Hong Kong’s current social unrest could have a huge, long-term bearing on the city’s development, Hong Kong Exchanges and Clearing Chief Executive Charles Li Xiaojia warned on Wednesday.
“Violence is creating nightmares for the people, and making it harder for them to achieve their goals,” he said, referring to the violent acts of protesters at Hong Kong International Airport on Tuesday night.
Violence is creating nightmares for the people, and making it harder for them to achieve their goals
Li Xiaojia, HKEX chief
Residents should be rational and refrain from violence, Li said after the local bourse operator announced its interim results on Wednesday.
In his view, the current volatility in the stock market has much more to do with the protracted Sino-US trade tensions and the interest-rate trend rather than the continued spate of protests in Hong Kong.
Nevertheless, the road ahead remains rough as the trade spat has slowed the SAR’s economy, and market sentiment has been somewhat dampened by the demonstrations.
On Hong Kong’s performance with regard to initial public offerings, Li said IPO funds raised in the city surged 39 percent year-on-year, although the number of new listing applications has fallen and more planned issues withdrawn.
READ MORE: Residents urge end to unrest in Hong Kong
The local IPO market is going through its worst summer since 2012, with the number of new company listings having dwindled by half to 15 last month, and funds raised plunging 57 percent to $1.65 billion. So far, only one company is due to go public in Hong Kong in August.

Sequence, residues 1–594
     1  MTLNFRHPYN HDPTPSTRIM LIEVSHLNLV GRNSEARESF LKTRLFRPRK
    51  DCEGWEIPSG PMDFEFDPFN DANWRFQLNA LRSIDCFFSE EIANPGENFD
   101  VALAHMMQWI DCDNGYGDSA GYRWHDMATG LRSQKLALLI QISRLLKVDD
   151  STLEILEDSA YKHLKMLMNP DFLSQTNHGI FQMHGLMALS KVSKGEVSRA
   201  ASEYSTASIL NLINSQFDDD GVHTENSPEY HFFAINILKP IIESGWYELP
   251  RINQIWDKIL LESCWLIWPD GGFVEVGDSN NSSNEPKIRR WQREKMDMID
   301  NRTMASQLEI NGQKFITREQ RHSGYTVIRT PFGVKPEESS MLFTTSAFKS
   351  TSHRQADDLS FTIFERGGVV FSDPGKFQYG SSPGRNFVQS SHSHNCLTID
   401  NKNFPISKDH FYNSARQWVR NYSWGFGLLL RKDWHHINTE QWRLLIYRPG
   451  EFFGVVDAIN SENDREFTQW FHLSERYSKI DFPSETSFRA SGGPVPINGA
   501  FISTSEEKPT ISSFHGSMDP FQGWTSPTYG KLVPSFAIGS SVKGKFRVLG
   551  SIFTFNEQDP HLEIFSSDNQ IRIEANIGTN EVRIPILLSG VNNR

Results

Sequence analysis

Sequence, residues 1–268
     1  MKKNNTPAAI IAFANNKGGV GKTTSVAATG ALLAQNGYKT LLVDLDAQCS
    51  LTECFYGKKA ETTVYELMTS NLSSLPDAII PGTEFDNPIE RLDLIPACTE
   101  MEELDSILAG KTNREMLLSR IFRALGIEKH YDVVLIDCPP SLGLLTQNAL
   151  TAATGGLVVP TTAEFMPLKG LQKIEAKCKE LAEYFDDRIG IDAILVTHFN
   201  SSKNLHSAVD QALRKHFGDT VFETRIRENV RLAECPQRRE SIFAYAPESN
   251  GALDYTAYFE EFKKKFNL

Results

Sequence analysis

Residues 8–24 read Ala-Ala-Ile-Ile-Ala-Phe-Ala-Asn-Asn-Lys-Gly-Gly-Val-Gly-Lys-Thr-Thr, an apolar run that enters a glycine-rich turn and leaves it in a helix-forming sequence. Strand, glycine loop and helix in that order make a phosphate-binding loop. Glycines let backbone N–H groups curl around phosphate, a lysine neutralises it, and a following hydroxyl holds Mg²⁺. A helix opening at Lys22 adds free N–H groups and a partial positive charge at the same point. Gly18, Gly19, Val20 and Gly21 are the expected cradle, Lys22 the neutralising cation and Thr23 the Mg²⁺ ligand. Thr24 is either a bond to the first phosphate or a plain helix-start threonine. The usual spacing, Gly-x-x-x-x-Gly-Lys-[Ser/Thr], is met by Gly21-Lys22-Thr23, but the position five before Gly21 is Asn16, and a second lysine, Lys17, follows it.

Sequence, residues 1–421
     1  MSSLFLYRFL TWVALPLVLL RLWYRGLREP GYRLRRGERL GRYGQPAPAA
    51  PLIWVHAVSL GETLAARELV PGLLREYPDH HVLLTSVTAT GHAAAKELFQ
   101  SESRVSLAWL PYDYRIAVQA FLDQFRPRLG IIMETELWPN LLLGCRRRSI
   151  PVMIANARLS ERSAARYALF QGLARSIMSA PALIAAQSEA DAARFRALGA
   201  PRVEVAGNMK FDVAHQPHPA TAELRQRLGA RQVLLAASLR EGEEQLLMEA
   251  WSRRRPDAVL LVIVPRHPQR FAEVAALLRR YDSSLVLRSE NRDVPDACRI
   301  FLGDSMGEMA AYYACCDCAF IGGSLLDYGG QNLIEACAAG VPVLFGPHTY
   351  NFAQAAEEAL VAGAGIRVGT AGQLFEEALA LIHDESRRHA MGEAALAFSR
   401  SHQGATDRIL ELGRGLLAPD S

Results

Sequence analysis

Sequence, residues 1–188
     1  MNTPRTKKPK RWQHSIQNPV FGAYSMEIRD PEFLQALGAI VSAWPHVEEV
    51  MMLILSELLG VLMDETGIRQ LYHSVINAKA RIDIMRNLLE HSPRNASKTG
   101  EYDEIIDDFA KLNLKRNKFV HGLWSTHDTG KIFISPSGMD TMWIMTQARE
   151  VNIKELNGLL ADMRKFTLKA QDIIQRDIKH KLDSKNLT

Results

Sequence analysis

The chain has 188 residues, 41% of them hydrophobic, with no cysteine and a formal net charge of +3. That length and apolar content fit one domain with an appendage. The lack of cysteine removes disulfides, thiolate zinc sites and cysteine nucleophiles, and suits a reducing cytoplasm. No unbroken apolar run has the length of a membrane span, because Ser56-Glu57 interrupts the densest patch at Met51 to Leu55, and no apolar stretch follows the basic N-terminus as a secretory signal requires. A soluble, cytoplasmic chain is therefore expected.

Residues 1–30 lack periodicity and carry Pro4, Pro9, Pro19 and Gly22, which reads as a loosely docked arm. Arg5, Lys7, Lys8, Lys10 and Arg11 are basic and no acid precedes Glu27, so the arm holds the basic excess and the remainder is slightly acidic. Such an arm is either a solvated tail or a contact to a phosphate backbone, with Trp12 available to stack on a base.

In the first half of this year, the average daily trading volume on the local bourse tumbled 23 percent to HK$97.9 billion, compared with the same period in 2018. The average daily trading volume in July fell to its lowest level since the start of the year -- down 23 percent year-on-year to HK$68.7 billion.
HKEX posted profit attributable to shareholders of HK$5.2 billion for the six months ended June 30 -- up 3.25 percent -- compared with the same period a year ago. Revenue and other income climbed 4.69 percent to HK$8.58 billion.
The inclusion of Chinese mainland A-shares in global indexes in February helped boost income from the Stock Connect by 39 percent to a record HK$508 million. Northbound trading turnover hit a new daily record turnover of 77.4 billion yuan on May 6.
HKEX said it has reached consensus with both the Shanghai Stock Exchange and the Shenzhen Stock Exchange on the criteria for Hong Kong-listed dual-class shareholding companies to be included for the first time in southbound trading through the Stock Connect.
According to Li, the mainland exchanges have completed week-long market consultations, and are finalizing the approval process.
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